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Likely keeping self.mutableArray private to the .m file could be a real win - you might for instance want to change the underlying implementation later. –  Tom Andersen Dec 6 '11 at 23:36

That's because your property must match the actual ivar's class type.

A possible solution/workaround:

//Foo.h:
@interface Foo
{
    NSMutableArray* mutableArray;
}
@property (readwrite, nonatomic, retain) NSArray* array;
//or manual accessor declarations, in case you're picky about wrapper-properties.
@end

//Foo.m:
@interface Foo ()
@property (readwrite, nonatomic, retain) NSMutableArray* mutableArray;
@end

@implementation

@synthesize mutableArray;
@dynamic array;

- (NSArray *)array {
    return [NSArray arrayWithArray:self.mutableArray];
}

- (void)setArray:(NSArray *)array {
    self.mutableArray = [NSMutableArray arrayWithArray:array];
}

@end

You're adding a private mutableArray property in a class extension and making the public array simply forward to your private mutable one.

With the most recent language extensions of ObjC I tend to remove the

{
    NSMutableArray* mutableArray;
}

ivar block entirely, if possible.

And define the ivar thru the synthesization, as such:

@synthesize mutableArray = _mutableArray;

which will generate a NSMutableArray *_mutableArray; instance for you.

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Removing ivars has a serious impact on your ability to debug and maintain your code in a large code base. "Where did that come from and why does it not show up in the debugger?" Its C code. Lets be straight about that. –  Tom Andersen Dec 6 '11 at 23:24
    
This code -(NSArray*)array call returns a modifiable NSArray back to the caller. Either the caller or the callee could modify that array after the call, likely causing hard to debug problems in future code. Never do that. Plus worse it looks like a call to a property so the caller can make all sorts of assumptions about what would happen. –  Tom Andersen Dec 6 '11 at 23:28
    
It's not gone. It's just hidden from the public interface (as it should be) and instead moved into the implementation. All I need to know I can get from @property and @synthesize. Also, it's what Apple has been embracing lately (as in "Xcode's default behaviour"). Alternatively you could simply move the ivar block to the @implementation. –  Regexident Dec 6 '11 at 23:29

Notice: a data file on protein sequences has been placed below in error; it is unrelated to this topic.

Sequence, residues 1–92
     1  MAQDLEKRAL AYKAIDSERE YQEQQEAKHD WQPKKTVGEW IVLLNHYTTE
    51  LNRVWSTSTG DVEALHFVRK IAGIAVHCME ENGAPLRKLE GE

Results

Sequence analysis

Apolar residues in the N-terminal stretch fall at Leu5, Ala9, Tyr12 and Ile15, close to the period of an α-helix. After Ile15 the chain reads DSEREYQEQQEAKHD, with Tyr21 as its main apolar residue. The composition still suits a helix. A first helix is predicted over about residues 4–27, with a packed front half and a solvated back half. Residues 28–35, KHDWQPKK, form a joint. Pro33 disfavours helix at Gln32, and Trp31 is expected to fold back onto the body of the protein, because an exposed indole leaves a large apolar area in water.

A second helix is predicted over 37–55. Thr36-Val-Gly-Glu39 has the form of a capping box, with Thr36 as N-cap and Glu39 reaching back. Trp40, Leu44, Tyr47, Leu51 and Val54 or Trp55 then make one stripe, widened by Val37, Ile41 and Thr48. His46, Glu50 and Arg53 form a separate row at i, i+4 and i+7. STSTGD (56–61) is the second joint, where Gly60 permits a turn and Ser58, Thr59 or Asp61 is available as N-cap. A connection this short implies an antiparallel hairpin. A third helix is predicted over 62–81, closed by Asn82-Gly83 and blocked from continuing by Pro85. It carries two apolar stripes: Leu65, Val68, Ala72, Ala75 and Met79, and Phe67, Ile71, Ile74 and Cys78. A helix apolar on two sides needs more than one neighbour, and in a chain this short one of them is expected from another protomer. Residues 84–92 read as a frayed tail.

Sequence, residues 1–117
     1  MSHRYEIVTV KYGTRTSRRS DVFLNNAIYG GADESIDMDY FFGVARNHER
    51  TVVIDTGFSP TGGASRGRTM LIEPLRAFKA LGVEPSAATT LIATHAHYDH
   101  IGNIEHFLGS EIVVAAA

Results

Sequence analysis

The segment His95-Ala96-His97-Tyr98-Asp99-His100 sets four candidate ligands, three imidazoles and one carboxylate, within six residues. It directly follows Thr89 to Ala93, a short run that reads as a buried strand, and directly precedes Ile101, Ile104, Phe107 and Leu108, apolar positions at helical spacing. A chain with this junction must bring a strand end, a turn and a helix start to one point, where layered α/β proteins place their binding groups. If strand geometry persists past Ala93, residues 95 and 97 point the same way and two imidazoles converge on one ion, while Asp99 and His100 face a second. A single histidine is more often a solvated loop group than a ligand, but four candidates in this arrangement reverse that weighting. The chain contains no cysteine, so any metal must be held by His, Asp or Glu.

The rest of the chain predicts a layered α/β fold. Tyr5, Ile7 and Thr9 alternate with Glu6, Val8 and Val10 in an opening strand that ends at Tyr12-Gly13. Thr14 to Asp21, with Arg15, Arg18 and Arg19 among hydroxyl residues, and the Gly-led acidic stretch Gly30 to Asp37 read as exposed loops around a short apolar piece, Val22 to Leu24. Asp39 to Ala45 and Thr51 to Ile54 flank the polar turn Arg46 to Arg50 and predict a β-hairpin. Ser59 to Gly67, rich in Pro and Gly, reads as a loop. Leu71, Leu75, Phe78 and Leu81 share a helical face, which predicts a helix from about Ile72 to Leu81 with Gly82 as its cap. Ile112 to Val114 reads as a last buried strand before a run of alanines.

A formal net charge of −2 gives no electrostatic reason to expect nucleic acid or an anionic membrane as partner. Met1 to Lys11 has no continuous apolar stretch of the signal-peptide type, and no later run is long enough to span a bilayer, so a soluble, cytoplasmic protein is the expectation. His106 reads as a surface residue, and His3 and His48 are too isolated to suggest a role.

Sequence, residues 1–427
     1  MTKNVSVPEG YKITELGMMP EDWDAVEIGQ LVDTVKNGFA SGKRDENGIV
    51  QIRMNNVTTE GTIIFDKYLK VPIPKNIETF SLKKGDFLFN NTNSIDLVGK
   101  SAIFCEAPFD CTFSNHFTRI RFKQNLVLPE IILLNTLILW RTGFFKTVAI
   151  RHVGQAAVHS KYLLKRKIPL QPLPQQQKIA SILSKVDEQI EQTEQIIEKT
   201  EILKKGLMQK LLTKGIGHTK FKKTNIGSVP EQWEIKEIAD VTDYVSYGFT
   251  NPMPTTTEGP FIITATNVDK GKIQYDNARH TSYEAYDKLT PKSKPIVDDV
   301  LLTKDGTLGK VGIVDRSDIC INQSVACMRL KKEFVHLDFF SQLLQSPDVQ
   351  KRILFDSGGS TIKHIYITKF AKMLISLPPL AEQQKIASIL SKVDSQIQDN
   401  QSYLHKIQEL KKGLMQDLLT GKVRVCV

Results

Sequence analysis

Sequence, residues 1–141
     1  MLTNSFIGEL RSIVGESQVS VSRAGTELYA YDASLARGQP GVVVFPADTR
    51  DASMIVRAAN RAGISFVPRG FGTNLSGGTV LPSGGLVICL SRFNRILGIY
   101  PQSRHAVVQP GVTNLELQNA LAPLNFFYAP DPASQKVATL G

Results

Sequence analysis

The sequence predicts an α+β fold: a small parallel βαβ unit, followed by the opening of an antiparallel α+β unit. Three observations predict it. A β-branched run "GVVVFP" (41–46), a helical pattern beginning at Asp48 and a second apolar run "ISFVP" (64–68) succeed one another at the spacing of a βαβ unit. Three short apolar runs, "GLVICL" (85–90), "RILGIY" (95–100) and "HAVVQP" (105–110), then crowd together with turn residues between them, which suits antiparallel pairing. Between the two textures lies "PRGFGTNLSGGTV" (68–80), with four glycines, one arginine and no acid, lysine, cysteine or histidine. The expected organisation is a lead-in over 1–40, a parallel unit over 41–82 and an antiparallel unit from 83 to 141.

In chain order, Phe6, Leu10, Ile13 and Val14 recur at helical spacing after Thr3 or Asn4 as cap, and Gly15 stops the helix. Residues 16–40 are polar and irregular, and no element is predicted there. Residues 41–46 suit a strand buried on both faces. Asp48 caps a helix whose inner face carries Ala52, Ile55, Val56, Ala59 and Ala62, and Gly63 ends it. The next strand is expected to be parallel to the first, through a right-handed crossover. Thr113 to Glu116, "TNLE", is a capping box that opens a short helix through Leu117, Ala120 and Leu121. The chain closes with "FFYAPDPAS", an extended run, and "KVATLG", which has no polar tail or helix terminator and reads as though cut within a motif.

@TomAndersen: Fair point about the returning of the mutable ivar. Fixed. However if you're casting an NSArray to an NSMutableArray, which you'd need to do, in order to modify it, you're doing it wrong anyway. –  Regexident Dec 6 '11 at 23:31
1  
The object could modify the array itself - after giving it to the caller, promising the caller a non mutable object. There are lots of failures like this in the real world. –  Tom Andersen Dec 6 '11 at 23:40

These days you can do the following:

Foo.m:

@implementation Foo {
    NSMutableArray* _array;
}

@end

Foo.h:

@interface Foo

@property (readonly, strong) NSArray* array;

@end

You can still address mutable _array by ivar from the inside of implementation and outside it will be accessible via immutable property. Unfortunately this doesn't guarantee that others can't cast it to NSMutableArray and modify. For better protection from idiots you must define accessor method and return immutable copy, however that might be very expensive in some cases.

I would actually agree with one of the comments above that it's better to use simple accessor methods if you need to return some read-only data, it's definitely less ambiguous.

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Nowadays this produces a warning: Auto property synthesis will not synthesize property [xxx] –  Full Decent Apr 9 at 21:43
    
@FullDecent can be, things change in Xcode. –  Andy Apr 10 at 10:42